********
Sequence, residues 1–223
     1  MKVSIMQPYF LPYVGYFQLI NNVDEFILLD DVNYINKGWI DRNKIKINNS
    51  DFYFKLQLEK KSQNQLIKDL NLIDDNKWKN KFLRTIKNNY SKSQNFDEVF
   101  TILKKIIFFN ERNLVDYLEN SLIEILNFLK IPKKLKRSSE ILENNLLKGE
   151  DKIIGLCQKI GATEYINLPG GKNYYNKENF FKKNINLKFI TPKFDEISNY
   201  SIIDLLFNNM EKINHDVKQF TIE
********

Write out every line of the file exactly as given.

Sequence, residues 1–223
     1  MKVSIMQPYF LPYVGYFQLI NNVDEFILLD DVNYINKGWI DRNKIKINNS
    51  DFYFKLQLEK KSQNQLIKDL NLIDDNKWKN KFLRTIKNNY SKSQNFDEVF
   101  TILKKIIFFN ERNLVDYLEN SLIEILNFLK IPKKLKRSSE ILENNLLKGE
   151  DKIIGLCQKI GATEYINLPG GKNYYNKENF FKKNINLKFI TPKFDEISNY
   201  SIIDLLFNNM EKINHDVKQF TIE